While waiting for a butterfly to come along and lay her eggs, you can be getting your habitat in order.

Step 2: Caterpillar Habitat: Tools and Materials

As much as I'm not a lepidopterist, I'm also not an experienced woodworker, but if you are or have the inclination to learn, you can probably build something much nicer than what I have. I've attached a SketchUp file that approximates the dimensions that I used, but of course, it's not necessary to follow it exactly. Since it only has to hold a couple of little plants, and also I didn't want to spend a lot of money trying to build a serious piece of furniture to keep outdoors and house bugs, I went with materials I either had on hand or could get cheaply. This means furring strips and nails as opposed to real lumber and screws.

Lumber - I hate to call it that - furring strips are really more like giant splinters than actual lumber. Cut as you go, not all at once, as you may have to compensate a bit here and there.

  • 1x3x55" - 8 pieces
  • 1x3x35" - 2 pieces
  • 1x3x14" - 4 pieces
  • 1x3x8" - 2 pieces
  • 1x2x14" - 14 pieces
  • 1x2x28" - 8 pieces
  • 1x2x35" - 4 pieces
  • 1x2x12" - 4 pieces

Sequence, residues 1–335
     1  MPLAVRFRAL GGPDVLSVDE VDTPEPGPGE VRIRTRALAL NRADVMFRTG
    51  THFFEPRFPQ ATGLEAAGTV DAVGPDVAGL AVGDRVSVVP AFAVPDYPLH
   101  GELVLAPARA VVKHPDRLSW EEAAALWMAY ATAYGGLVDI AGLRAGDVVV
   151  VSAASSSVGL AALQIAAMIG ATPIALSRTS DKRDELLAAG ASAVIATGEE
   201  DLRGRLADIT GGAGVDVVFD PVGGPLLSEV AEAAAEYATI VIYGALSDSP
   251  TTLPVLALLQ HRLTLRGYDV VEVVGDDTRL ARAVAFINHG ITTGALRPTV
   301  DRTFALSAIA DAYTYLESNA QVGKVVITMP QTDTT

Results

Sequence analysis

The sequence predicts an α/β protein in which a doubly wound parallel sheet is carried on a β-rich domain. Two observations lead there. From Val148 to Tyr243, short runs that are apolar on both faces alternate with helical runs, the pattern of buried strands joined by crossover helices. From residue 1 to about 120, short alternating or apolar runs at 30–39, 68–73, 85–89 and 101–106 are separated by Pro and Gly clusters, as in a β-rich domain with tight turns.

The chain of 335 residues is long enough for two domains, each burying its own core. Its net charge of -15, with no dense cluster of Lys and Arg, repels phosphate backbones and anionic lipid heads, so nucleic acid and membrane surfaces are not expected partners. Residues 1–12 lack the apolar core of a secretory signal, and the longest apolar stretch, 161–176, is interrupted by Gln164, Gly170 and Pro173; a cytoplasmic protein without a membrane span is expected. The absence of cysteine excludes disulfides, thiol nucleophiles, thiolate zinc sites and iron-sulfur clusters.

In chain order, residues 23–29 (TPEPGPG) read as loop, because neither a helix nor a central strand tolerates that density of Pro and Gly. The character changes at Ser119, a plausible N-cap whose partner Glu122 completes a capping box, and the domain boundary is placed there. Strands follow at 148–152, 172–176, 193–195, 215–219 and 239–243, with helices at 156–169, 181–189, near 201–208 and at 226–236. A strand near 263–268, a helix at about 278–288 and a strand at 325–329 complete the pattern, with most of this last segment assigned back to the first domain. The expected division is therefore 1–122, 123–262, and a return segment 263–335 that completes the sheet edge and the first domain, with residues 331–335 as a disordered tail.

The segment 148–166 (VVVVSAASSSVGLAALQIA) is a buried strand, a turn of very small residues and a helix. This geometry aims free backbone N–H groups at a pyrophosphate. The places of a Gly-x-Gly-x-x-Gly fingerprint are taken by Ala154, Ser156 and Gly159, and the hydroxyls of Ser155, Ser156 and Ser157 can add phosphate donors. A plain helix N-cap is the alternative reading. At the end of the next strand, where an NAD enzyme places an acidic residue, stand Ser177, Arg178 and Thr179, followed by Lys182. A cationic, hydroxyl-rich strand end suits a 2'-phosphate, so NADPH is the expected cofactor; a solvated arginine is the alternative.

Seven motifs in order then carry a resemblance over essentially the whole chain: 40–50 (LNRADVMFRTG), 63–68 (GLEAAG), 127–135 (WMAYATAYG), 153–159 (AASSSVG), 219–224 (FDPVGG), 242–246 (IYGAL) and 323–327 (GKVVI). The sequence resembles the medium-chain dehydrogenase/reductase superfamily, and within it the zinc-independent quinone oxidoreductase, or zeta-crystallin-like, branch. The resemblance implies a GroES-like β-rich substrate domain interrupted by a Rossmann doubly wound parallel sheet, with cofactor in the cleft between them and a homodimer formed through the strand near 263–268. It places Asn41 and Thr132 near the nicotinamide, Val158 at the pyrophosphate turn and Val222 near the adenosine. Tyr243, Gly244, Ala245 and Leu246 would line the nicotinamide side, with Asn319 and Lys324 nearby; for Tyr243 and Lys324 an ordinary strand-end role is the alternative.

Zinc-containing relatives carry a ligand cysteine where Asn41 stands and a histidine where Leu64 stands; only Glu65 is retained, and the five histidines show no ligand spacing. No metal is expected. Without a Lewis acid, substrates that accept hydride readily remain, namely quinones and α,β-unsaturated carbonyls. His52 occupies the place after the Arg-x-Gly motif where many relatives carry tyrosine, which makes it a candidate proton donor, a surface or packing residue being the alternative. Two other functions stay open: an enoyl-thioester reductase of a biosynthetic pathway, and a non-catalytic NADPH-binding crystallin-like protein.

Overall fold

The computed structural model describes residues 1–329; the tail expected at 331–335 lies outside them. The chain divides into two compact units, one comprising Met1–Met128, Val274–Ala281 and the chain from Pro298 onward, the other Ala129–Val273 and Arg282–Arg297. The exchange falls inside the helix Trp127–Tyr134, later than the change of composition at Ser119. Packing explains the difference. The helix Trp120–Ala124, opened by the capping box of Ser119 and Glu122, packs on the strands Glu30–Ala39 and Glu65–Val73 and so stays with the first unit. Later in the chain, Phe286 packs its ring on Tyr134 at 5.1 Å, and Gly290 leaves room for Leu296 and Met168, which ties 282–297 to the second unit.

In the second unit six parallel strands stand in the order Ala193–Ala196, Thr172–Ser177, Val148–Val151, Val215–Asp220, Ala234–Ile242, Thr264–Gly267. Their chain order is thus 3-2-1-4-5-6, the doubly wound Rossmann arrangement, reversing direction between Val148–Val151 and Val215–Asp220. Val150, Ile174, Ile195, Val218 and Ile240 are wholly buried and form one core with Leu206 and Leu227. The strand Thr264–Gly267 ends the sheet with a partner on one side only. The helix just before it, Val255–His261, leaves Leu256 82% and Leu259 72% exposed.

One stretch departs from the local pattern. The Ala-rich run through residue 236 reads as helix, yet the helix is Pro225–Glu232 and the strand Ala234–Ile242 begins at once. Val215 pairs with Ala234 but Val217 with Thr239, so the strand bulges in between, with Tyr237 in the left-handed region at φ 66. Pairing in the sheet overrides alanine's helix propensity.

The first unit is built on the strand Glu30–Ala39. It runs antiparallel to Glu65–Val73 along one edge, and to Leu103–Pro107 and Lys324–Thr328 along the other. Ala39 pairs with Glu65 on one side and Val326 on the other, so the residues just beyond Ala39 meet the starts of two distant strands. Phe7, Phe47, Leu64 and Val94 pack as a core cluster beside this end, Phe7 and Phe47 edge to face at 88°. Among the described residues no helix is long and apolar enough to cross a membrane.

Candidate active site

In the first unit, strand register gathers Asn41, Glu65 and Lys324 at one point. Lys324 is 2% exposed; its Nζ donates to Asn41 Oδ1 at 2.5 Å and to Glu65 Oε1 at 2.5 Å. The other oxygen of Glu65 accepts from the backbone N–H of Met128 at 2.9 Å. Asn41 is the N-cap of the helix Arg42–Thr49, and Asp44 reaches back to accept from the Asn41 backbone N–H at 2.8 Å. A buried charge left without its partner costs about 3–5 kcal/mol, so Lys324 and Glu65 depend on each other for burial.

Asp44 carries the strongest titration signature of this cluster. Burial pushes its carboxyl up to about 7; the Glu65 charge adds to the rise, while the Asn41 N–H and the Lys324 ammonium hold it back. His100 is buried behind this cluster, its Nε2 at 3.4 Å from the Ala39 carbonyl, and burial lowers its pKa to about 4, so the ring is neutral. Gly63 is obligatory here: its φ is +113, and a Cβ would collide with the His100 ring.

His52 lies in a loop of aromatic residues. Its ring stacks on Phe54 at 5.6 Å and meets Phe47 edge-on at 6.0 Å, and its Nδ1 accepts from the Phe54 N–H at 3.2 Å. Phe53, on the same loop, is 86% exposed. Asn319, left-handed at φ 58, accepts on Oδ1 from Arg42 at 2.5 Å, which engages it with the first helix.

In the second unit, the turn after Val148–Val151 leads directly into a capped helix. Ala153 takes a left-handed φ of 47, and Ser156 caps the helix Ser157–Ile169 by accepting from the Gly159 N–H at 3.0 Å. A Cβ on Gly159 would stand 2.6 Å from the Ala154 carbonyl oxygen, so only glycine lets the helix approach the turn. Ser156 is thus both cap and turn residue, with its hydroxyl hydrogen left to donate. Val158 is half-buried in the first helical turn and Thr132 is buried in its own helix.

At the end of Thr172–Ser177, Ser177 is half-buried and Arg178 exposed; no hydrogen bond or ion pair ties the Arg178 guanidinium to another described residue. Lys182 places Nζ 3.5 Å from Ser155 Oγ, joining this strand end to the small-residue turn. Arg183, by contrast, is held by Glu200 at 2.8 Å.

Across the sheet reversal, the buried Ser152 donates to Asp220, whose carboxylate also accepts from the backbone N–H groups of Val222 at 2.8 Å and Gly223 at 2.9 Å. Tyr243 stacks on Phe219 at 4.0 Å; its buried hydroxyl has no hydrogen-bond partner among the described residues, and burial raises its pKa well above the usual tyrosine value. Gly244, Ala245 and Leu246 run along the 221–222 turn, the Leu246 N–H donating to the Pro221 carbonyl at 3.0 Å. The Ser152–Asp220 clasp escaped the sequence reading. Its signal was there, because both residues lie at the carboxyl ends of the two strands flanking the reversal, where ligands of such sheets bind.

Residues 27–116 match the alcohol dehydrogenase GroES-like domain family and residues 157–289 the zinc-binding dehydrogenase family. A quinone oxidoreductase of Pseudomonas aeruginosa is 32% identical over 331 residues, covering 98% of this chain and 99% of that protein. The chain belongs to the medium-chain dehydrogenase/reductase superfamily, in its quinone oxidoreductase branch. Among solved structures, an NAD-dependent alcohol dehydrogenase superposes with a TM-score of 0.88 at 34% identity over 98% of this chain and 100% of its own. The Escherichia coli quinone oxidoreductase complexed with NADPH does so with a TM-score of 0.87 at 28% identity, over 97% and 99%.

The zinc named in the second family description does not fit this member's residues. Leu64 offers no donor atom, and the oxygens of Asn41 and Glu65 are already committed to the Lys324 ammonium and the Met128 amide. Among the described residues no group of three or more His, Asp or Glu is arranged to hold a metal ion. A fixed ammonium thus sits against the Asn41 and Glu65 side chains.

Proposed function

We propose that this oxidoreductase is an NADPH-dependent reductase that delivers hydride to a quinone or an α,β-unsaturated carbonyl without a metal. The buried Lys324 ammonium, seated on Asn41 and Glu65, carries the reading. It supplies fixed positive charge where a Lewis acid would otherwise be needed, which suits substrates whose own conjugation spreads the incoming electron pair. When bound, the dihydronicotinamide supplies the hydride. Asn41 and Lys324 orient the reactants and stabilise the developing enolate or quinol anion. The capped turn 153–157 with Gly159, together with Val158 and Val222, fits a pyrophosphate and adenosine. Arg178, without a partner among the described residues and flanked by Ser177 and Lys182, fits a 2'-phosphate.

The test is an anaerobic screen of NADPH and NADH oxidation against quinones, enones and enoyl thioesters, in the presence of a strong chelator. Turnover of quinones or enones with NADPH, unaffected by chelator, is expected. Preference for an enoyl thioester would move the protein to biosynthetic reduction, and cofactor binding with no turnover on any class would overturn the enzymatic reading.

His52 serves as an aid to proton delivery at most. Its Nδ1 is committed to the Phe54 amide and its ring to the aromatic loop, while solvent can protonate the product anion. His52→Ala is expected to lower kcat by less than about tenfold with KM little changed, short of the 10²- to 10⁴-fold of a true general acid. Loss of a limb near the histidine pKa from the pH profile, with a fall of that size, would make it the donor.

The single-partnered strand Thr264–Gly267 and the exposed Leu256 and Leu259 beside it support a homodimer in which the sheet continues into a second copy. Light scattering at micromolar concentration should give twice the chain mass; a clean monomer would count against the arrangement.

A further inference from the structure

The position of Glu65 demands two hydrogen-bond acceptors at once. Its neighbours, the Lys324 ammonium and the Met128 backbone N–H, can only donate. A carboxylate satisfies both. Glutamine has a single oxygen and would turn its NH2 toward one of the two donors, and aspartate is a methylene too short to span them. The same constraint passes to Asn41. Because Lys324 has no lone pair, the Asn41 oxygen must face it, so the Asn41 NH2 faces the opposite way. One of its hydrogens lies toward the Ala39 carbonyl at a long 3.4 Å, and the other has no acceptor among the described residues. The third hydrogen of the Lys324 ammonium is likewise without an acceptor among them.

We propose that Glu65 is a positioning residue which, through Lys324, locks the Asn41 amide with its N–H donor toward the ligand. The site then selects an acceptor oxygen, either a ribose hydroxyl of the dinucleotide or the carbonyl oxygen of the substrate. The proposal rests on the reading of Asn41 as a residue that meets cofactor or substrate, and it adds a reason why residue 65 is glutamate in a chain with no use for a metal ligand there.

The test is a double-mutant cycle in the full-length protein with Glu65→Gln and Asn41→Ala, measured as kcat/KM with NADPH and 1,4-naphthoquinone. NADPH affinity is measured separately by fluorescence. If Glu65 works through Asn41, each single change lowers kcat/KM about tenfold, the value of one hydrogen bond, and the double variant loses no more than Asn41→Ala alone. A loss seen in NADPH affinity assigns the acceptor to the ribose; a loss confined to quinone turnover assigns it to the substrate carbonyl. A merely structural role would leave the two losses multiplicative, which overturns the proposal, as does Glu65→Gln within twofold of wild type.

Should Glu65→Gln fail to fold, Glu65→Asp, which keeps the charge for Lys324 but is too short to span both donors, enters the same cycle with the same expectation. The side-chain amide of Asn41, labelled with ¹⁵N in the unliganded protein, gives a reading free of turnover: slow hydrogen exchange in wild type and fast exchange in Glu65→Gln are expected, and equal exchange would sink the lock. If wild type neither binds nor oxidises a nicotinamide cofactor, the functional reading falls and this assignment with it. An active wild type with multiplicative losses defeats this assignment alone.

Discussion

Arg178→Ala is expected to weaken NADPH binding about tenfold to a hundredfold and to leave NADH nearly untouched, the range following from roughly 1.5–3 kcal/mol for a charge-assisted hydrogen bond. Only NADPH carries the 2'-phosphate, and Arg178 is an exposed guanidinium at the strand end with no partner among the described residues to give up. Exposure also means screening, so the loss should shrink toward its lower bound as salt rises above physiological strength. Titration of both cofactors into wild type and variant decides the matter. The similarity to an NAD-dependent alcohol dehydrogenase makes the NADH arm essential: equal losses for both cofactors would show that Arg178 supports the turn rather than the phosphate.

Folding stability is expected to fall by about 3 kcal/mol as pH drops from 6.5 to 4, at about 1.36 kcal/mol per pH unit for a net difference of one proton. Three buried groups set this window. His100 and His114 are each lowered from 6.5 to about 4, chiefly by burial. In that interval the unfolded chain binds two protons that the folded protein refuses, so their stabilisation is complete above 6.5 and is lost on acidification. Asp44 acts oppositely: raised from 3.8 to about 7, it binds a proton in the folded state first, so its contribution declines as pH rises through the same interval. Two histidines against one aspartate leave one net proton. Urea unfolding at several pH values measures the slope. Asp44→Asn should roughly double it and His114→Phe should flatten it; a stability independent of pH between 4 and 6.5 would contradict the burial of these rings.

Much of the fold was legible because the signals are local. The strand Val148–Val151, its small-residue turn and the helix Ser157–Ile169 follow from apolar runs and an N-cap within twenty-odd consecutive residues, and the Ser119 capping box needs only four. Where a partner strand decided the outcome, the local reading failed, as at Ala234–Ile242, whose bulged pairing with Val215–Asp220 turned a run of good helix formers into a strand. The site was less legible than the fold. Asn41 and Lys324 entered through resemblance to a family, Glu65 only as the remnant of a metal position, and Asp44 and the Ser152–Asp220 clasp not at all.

• 1x2x39" - 1 piece
  • 2x4 scraps - 8 chunks of about 2" each

Hardware - available at Home Depot for a couple of bucks each

  • 8 small utility hinges
  • 2 "hook and staples"
  • 2 casement window locks
  • 2" nails
  • 1-1/4" nails
  • staples

Miscellaneous

  • roll of window screening (available at Home Depot, etc.)
  • paint (I just used leftover from the basement)
  • peel and stick foam weather stripping (I had some leftover from a free energy efficiency promotion)
  • sandpaper
  • 1/4" quarter round trim (not necessary, but makes it prettier)
  • wood glue
  • wood filler putty (not necessary, but may save you some splinters)

Tools - I was fortunate enough to have access to an array of power tools, but hand tools will be just fine

  • Power miter saw, circular saw, or plain old backsaw
  • Palm sander or similar
  • Staple gun
  • Finishing trim nailer or hammer and nail set